This leads to another impressive feature of Ahmed and Taylor’s platform, which sets them apart from Kat McKay and Sola Park. While we hear so much about diversity, social justice, and mental health awareness in these campaigns (not to say that those aren’t important issues but they do get much more attention compared to other matters), we rarely hear about or try to solve the plight of another type of minority on campus, the low-income students. Out of the eight proposals in Taylor and Ahmed’s platform, five are in some way related to making things more affordable and giving low-income students more of a voice on campus, including making SEPTA more affordable, increasing the work-study wage, and making Penn traditions free or at a much lower cost than they are now. It is truly refreshing for students to realize that not every Penn student drove a Mercedes in high school or had parents that made over 100K a year. Some of us are struggling, and Ahmed and Taylor seem to want to change that.

Kat and Sola do go into detail about trying to get Penn’s tuition lowered, but, for one thing, that will surely be much harder to achieve than raising the wage for work-study and lowering the cost of Penn traditions. It’s a noble goal and something to strive towards, but even if they were able to get tuition lowered, it probably wouldn’t be enough to really change the burden of Penn’s tuition. These smaller goals that Taylor and Ahmed propose are more feasible and will directly impact students’ everyday lives.

Helping low-income students is also not Kat and Sola’s only priority. They seem to want to help every special interest group on campus and run the risk of stretching themselves too thin. It’s better to focus on making significant changes for one or two groups rather than trying to do everything.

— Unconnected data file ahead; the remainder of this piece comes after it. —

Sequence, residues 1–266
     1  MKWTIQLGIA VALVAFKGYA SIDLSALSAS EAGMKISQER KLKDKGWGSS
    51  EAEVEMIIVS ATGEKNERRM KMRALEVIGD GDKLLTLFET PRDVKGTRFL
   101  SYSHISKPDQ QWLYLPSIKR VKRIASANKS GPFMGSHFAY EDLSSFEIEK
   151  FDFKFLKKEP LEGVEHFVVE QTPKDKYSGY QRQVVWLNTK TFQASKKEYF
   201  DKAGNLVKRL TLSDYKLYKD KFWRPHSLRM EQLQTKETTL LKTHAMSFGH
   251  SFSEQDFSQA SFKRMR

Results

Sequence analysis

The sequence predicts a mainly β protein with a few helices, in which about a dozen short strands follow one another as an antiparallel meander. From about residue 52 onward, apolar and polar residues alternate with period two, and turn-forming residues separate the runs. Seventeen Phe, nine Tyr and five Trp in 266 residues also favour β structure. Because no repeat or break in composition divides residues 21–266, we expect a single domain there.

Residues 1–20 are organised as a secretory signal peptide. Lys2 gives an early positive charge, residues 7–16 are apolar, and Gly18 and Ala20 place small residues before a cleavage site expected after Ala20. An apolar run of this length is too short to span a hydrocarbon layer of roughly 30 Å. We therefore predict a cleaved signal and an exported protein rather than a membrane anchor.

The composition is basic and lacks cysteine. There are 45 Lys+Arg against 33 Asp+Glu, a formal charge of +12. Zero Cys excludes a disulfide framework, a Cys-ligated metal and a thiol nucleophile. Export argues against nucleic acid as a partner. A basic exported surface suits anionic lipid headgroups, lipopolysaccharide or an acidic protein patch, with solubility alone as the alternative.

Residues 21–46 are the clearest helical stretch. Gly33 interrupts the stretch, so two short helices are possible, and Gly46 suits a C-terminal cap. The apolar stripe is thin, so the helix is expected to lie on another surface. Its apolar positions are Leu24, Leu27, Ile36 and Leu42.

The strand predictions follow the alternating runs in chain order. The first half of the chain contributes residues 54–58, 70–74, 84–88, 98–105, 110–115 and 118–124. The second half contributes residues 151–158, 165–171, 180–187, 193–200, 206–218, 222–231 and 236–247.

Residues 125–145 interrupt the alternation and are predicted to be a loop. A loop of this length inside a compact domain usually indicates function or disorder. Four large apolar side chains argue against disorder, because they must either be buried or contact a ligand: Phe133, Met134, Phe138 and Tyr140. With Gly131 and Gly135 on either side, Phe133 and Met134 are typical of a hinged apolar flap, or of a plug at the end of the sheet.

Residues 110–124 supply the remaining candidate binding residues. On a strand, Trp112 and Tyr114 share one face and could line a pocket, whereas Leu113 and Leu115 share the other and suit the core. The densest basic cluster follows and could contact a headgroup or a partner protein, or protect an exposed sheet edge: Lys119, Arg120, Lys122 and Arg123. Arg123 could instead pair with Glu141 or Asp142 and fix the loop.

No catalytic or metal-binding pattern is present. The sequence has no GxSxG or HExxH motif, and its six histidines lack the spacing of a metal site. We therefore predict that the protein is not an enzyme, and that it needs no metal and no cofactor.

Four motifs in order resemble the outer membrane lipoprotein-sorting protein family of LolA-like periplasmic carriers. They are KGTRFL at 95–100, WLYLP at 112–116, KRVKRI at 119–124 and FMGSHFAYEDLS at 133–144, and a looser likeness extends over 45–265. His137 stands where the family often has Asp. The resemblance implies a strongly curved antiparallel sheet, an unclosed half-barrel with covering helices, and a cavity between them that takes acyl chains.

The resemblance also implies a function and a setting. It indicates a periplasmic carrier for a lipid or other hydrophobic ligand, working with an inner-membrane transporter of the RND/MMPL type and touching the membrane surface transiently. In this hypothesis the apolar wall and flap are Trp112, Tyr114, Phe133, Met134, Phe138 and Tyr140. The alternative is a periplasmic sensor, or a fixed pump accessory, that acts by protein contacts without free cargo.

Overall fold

There is a reason that I would support Taylor and Ahmed any day over Ray and Andrew though. In researching for this article, I received multiple accounts of Ray’s dishonesty and how he has hurt the UA’s reputation during his term as vice president.

In Ray and Andrew’s platform they list accomplishments they have had in their time at the UA including the “foundation of the Greek Student Community Consortium to resolve issues between cultural groups and fraternities/sororities.”

Ray’s founding of the Greek Student Community Consortium was a result of a failed attempt to establish the Greek Community Judiciary Board, which would have effectively punished Greek organizations if they did or said something that was “culturally insensitive” according to a board of students.

This obviously would have been a strong violation of free speech on campus, but that wasn’t the only issue in Ray’s proposal. In a DP article, Ray was quoted saying, “I can guarantee that this project will be effective because it came straight from the students. We got feedback and support from Greek Life, the 5B and the UA, and knowing that no stone was left unturned gives me a very positive outlook on how things will play out.”

However, the UA never supported the founding of the Greek Community Judiciary Board. Ray even admits in the comment section of the same DP article that he only received support from three members of the UA. That hardly allows him to say that he, “got feedback and support from… the UA.”

Also, when Ray was asked by a UA member to share the new judicial board’s constitution, that the body apparently supported according to Ray, he refused saying, “I can’t guarantee that.” Why in the world would the UA support something they hadn’t even read?

It’s clear then that Ray’s supposed “success” in founding the Greek Student Community Consortium did a lot more damage than good to the UA’s reputation in the eyes of the administration. It made the UA look divided and unorganized, and the whole affair made Ray look dishonest.

This is not the person I want running my student government; someone who has been dishonest, manipulative for personal gain, and in disagreement with free speech. Kat and Sola aren’t bad candidates, but they seem like they’re trying to please everyone and trying to do too many things at once. Vote Taylor and Ahmed for UA!